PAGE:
Life of a Principal Investigator
Life of a Principal Investigator
Image credit: 

Fortunately, it does not have to be this way.  Instead of working solitarily on individual projects, scientists could work together as a part of a larger team working towards a similar goal. Much like a Hollywood movie where a special team of elite scientists are brought together under one roof to solve one problem.  So, if we are talking about fighting bone disorders, a multi-disciplinary team of scientists could be assembled who would all look into different aspects of bone disorders, all under one roof. They could have their individual teams working at different locations around the globe, but such a system would encourage quicker sharing of findings among peers, rather than go through the painfully long process of publication. (Click here to read Jasonya's how long is long post about publications) This is not to say that research findings should not be published, but findings shared through common meetings would help other researchers to adapt quickly to new findings and change course where required to avoid pilferage of research time, effort and money.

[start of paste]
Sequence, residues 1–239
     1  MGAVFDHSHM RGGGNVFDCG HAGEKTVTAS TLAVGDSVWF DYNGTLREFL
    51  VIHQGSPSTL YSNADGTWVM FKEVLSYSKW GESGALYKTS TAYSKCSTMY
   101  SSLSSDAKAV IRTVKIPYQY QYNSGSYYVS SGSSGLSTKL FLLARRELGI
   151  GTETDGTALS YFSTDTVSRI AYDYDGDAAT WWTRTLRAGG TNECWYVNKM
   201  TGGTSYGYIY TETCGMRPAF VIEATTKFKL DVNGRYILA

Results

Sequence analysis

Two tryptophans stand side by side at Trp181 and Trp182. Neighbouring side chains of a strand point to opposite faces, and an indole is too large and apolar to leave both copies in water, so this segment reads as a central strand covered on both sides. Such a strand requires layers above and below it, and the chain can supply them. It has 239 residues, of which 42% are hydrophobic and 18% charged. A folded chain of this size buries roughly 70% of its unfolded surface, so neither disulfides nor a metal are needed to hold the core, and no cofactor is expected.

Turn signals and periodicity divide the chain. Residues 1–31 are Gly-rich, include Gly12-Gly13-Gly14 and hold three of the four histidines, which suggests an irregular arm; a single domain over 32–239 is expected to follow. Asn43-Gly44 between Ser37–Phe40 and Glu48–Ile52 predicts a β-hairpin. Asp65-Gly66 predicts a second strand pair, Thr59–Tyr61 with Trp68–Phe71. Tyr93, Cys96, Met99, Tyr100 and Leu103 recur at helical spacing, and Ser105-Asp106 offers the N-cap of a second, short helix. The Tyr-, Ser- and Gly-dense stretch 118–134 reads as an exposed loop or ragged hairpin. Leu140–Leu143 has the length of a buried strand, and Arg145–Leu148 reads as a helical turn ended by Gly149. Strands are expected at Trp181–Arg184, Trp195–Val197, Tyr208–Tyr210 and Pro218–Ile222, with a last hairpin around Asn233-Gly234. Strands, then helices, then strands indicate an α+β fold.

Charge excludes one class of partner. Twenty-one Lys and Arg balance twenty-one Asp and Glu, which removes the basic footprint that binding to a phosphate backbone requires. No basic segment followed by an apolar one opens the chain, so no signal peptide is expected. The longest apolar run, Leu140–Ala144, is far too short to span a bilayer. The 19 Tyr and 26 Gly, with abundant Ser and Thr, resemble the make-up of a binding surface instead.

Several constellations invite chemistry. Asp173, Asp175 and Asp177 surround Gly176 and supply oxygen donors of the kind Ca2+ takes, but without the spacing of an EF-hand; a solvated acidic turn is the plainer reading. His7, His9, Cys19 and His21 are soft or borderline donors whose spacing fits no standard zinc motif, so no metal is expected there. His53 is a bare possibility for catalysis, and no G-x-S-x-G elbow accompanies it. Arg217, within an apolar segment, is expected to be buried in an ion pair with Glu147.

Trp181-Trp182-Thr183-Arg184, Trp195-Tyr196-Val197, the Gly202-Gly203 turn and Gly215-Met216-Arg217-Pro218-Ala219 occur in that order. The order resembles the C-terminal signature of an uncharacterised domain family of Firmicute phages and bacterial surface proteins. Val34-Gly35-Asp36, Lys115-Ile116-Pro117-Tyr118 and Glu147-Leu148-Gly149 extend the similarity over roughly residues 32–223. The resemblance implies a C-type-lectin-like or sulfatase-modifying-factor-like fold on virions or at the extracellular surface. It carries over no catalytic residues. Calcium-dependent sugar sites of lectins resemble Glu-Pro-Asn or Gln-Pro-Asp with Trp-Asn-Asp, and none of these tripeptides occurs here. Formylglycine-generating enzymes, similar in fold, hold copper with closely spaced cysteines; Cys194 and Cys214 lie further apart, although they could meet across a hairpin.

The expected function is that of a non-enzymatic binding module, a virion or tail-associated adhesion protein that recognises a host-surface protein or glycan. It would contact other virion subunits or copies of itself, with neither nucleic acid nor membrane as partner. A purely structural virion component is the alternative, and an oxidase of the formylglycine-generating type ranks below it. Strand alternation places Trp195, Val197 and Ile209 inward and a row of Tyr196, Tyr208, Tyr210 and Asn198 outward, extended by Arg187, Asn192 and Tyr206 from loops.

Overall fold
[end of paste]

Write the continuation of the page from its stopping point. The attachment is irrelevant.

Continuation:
One can quickly dismiss such a proposition stating that it would never work. It is hard to believe that a bunch of scientists can come together, leaving aside their differences, their backgrounds, their style of working and work towards a common goal. When put together, the result of their work would probably appear quite indiscernible. But did you know that a team like this does exist. It is probably working even right now, as you read this article. It consists of 18 heads of laboratories that have each been given a lead to follow. Their labs are located in Ireland, Morocco, Malta, Croatia, Iceland to name a few countries and work under the guidance of these lab heads. There are also some specialized labs whose function is to assist these labs wherever required, whether it be raising new infrastructure, supplying existing inventory or procuring new products for them. Different labs take different periods of time to complete their assigned projects , while some even go a step further and share multiple personnel that move across labs from time to time. A central lab then collects all the data from all the labs, puts it in perspective and publishes it on a yearly basis. You might find it hard to believe but people have absolutely loved the result of their work and look forward to it every year.